Link Posted: 8/9/2004 1:02:02 PM EDT
Link Posted: 8/9/2004 1:22:35 PM EDT
Link Posted: 8/9/2004 7:03:06 PM EDT
I'll stop shooting when they stop twitching.
Link Posted: 8/9/2004 7:39:22 PM EDT
Link Posted: 8/10/2004 4:16:58 AM EDT
While an unscrupulous prosecutor may, indeed attempt to use various things such as caliber, etc. to sway a jury or Grand Jury (face it...a decent prosecutor can get a Grand Jury to indict a hamburger!) the info from Lumpy and SGB, etc. is correct. Me? I mostly would be very careful about using reloaded ammo, but these days that's kind of a no-brainer anyhow with so much good defense ammo available.

"Problem #1" is staying alive and unharmed..."Problem #2" is all the other stuff that comes after...and the very real possibility of at least a civil lawsuit or worse. Problem #2 is very real, and most certainly not something to sneeze at, but the correct priority is to resolve Problem #1 FIRST!
Link Posted: 8/10/2004 4:28:57 AM EDT
Link Posted: 8/12/2004 8:28:33 AM EDT
Why stop at .454 and just step it up to a 500 S&Whoot.
Link Posted: 8/12/2004 6:17:02 PM EDT
I actually thought about buying a S&W 500 with the 4" barrel for CCW, but it would be tapping into my next rifle buying funds so Ill ahve to wait a while...
Link Posted: 8/13/2004 4:08:14 PM EDT
Recently here in Arizona, a guy capped an attacker 3 times in the chest with a 10mm. He's gotten a lot of grief about other aspects of the shooting, but they haven't even mentioned the caliber. My guess is it doesn't matter unless it sounds big and scary from references to pop culture. Such as the word Magnum.
To invision the way the uninformed think, you must realize that they receive 90% of their information from movies, and the rest from rumors and bogus newpaper articles.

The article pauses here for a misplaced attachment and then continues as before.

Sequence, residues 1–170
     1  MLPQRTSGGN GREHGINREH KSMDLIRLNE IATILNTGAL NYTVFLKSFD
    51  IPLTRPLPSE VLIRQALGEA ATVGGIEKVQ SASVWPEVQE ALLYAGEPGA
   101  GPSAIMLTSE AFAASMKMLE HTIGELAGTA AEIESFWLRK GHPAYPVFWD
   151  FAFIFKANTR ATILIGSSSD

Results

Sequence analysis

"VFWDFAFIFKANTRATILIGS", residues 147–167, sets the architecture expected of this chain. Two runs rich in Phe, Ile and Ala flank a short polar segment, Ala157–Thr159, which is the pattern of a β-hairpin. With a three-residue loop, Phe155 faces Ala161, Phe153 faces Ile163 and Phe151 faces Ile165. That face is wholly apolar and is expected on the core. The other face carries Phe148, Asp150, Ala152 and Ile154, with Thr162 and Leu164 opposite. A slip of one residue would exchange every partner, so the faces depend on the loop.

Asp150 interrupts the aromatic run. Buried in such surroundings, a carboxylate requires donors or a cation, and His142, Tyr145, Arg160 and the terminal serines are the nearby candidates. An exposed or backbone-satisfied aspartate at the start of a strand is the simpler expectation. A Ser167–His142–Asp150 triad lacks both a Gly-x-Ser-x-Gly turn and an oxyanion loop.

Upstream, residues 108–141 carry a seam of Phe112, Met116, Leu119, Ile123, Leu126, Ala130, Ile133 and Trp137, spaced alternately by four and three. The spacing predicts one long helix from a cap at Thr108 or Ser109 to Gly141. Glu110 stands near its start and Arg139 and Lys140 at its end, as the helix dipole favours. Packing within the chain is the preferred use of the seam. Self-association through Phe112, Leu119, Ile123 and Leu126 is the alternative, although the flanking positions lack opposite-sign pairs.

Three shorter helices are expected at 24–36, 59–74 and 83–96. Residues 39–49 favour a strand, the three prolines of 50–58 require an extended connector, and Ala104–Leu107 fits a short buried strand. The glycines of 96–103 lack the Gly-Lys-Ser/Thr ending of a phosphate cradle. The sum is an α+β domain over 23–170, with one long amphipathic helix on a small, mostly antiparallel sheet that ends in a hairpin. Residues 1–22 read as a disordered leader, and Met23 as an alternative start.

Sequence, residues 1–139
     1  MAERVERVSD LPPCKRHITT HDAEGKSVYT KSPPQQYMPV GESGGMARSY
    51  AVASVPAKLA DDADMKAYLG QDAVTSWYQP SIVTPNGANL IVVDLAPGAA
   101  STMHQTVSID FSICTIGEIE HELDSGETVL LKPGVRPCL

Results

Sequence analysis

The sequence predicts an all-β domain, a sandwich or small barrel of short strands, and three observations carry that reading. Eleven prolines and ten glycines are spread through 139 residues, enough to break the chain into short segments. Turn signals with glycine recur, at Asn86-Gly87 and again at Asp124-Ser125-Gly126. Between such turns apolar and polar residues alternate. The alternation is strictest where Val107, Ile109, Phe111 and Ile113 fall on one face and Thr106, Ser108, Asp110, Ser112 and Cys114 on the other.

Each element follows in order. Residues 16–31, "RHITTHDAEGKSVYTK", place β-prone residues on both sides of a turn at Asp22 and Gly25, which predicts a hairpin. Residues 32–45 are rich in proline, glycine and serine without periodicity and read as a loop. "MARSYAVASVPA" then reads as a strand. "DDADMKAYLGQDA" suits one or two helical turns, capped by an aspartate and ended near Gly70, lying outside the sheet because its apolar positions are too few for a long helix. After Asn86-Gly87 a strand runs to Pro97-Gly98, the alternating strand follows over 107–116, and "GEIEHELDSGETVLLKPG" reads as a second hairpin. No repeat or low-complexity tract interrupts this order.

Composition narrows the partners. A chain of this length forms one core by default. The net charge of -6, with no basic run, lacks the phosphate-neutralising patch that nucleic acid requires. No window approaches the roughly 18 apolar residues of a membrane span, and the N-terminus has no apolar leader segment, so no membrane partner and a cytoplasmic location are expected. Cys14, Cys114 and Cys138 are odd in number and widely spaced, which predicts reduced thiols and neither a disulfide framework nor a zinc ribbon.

I recently worked with a former gang member from Flordia, and they were carrying "Nines." They were mesmerized by the "four five."
If it were truely about the destructive firepower, they'd cry about the use of a 12 gauge. Remember in WWI when the Germans wanted to ban the use of the shotgun because of its destructive nature?
Ask some non-gun folk which is bigger, 12 or 20 gauge? The 20 must be a weapon of mass distruction for sure.
Remember, you will be judged by a jury of your peers. Be afraid.
If you find yourself carrying a Desert eagle (I've met a few who do,) and you are forced to shoot someone, start packing your things, and bring the anal ease.
Link Posted: 8/15/2004 8:13:28 PM EDT

Originally Posted By SGB:
...No law saying that you can't use your 458 winchester magnum safari rifle...

My Pop kept his behind the front door during periods of some particularly nasty riots in the '60s. He was living in a second floor apartment in a particularly bad neighborhood. His goal was to "...clear an entire flight of stairs packed with bad guys in just one shot... " He doesn't live there anymore.

I can't say that a 5 3/4 pound .458 Win. Mag. would be my first choice in defensive weapons... Though they seem to be the standard for dangerous game rifles.
Link Posted: 8/19/2004 11:56:29 AM EDT
not my primary concern, but using a gun the local jbts issue is certainly not a negative.
Link Posted: 8/19/2004 5:25:48 PM EDT
Get rid of the hand loads and get some commercial<sp> ammo.

Link Posted: 8/25/2004 12:56:58 PM EDT
I wouldn't worry about criminal charges if it is a "good" shoot. It is the civil trial you should be worried about. The rules are much looser here.